- Practical upright hatchback architecture
- All-wheel drive
- Sharp handling
- Options add up
- A bit too much impact harshness
- Seats could be cushier
If you’re feeling particularly patriotic these days, here’s another happy reason to be Canadian: the Mercedes-Benz B-Class. While we have had access to this wee Euro MPV (or Sports Tourer in M-B speak) since 2006, the US has been denied. Okay, a boxy four-pot hatchback Merc is hardly the stuff of flag-waving and Timbit-juggling, but it is a practical little thing that gives Canadians a $31,850 gateway into the world of the three-pointed star.
So does this four-cylinder cubist cutie feel like a Merc?
The much improved second-generation B-Class arrived for 2012, running with a 208 horsepower, 258 lb-ft turbo four and seven-speed dual-clutch transmission (7G-DTC). For 2015, Mercedes-Benz introduced a 4Matic all-wheel-drive version, which not surprisingly handily outsells the front-drive model.
Here we are looking at the 2017 B250 4Matic that carries a base price of $34,150. The extra $2,300 nets an all-wheel-drive system that, for the most part, runs in front-drive mode until wheel slip is detected, after which up to fifty percent of the engine’s torque can be sent aft. The rear wheels also come into play when accelerating vigorously and cornering briskly. On slippery surfaces, targeted braking of individual wheels will direct torque to the tires with the most grip.
4Matic adds about 40 kg of heft and shaves a bit off the official fuel economy figures, which lands at a respectable 10.2 L/100 km city, 7.6 highway, and 9.1 combined. My week of mostly highway driving concluded at 8.8 L/100, with premium fuel required.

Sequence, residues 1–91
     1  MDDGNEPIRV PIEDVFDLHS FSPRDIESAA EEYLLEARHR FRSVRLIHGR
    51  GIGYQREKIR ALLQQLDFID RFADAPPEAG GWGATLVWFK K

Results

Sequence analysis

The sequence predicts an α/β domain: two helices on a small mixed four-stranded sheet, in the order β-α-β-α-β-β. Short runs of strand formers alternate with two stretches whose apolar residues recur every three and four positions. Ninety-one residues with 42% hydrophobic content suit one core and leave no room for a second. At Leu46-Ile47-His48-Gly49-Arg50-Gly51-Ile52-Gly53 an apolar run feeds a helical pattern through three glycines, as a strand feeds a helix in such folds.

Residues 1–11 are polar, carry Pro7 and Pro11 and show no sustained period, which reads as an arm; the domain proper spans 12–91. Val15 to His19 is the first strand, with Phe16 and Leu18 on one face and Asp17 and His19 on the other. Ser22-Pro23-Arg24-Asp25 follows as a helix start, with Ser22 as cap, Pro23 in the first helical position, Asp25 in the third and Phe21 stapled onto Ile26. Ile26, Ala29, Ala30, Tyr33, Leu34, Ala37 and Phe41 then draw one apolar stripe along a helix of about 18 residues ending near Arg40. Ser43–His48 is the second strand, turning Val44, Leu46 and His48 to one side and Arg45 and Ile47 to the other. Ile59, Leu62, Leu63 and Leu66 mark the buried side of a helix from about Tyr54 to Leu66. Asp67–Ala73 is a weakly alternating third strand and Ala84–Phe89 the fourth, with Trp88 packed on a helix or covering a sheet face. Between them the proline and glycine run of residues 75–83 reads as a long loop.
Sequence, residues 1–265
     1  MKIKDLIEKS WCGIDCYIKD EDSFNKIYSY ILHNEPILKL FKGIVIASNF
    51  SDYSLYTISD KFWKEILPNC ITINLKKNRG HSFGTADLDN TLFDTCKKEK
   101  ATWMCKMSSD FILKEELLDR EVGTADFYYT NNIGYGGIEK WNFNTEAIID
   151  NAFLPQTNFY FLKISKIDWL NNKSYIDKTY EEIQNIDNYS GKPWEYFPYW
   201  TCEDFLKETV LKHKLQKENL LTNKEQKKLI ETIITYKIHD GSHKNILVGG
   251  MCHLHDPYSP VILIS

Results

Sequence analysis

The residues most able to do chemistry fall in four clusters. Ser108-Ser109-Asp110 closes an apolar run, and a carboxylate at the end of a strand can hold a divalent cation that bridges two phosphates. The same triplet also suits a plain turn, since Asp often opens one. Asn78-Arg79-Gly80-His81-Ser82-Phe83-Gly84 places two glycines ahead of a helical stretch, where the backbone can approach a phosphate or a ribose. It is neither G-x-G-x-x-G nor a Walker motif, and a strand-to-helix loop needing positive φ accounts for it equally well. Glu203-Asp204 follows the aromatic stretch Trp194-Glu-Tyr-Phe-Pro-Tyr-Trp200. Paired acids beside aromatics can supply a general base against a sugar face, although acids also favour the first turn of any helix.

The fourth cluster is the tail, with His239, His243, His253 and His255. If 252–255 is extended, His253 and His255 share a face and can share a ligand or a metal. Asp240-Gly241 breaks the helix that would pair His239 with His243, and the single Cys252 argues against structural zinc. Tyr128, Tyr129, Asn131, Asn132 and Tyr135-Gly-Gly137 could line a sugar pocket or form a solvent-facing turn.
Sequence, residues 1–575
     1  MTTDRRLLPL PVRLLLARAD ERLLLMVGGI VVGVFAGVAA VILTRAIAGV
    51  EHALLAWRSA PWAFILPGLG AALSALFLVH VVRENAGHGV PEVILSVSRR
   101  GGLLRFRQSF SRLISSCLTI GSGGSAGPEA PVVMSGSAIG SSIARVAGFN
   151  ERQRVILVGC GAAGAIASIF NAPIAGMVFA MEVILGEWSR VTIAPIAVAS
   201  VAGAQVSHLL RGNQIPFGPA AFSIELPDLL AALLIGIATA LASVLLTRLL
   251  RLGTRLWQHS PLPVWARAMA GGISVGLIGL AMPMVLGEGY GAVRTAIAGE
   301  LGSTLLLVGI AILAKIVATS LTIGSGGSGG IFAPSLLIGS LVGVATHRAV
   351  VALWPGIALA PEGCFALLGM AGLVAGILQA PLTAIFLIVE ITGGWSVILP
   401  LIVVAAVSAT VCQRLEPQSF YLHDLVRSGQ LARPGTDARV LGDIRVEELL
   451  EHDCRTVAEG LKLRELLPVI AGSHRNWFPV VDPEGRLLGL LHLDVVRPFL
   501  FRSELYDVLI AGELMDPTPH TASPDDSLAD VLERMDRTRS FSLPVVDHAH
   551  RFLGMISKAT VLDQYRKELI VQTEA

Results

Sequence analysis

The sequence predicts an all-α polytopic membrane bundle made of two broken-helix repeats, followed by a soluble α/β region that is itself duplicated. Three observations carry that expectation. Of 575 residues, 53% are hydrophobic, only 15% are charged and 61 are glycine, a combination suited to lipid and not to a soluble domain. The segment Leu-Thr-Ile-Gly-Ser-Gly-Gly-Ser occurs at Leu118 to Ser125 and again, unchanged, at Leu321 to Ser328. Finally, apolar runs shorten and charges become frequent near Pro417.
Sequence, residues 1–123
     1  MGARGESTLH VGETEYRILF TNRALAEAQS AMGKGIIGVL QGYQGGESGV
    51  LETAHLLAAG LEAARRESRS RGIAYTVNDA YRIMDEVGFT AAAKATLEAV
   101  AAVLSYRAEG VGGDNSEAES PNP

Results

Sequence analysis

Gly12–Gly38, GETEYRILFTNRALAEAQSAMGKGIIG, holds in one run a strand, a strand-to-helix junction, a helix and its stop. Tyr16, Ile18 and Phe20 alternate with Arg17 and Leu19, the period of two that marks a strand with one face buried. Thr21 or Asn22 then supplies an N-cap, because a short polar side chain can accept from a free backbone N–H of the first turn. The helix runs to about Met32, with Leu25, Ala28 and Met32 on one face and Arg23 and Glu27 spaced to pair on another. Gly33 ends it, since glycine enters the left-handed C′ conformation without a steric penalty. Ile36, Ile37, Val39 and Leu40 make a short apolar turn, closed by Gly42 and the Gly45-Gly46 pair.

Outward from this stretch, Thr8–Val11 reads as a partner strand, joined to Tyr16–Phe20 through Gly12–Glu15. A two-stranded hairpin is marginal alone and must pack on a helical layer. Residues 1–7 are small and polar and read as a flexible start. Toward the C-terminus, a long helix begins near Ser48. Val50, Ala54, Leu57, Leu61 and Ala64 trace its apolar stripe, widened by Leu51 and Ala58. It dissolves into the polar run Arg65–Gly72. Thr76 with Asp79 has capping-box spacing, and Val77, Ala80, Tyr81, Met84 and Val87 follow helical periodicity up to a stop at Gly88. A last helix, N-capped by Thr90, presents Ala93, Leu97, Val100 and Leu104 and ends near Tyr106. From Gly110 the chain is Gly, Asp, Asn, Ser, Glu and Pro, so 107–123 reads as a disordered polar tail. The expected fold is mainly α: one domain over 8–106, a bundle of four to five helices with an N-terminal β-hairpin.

So does this four-cylinder cubist cutie feel like a Merc? We North Americans equate Benz-ness with posh interiors, plush rides, high levels of cabin isolation and a sense of enduring solidity – all things present in the current C-Class and upwards. The B250 is a slightly different animal, built on a (soon to be replaced) front-drive-based platform that it shares with the CLA 250 sedan, GLA 250 crossover and, now that Infiniti has jumped in bed with Mercedes-Benz, the 2017 Infiniti Q30 and QX30. With any of these vehicles, you’ll find a ride bordering on stiff that exhibits just a bit too much impact harshness and road noise.
But it’s hardly a deal-breaker. (Unless you prefer the VW/Audi MQB-platform vehicles.) The B250 4Matic is a competent handler, showing sharp steering and a firm set in the corners. The engine and transmission make a fine pair, working best in default Comfort mode where shifts are smooth and the engine stays in the lower reaches of the tachometer. With all 258 lb-ft available from 1,200–4,000 rpm, there is plenty of relaxed urge.
If you’re feeling frisky, Sport mode calls up a more aggressive shift map, and the standard shift paddles add a modicum of driver involvement. There’s also an Eco mode that dulls throttle response and has the engine decoupling from the transmission, dropping to idle when coasting or decelerating. Auto start-stop is standard.
Resplendent in new-for-2017 Cavansite Blue Metallic paint, this tester exudes a certain elegance – its big twin-louvre grill with the salad-plate-sized three-pointed star declares its premium German branding in no uncertain terms. The tapered halogen headlights sport the de rigueur LED eyeliner and there’s some interesting sculpting on the side panels. Out back we have a spoiler and chrome detailing around the twin exhaust outlets. The standard 17-inch alloys look classy too.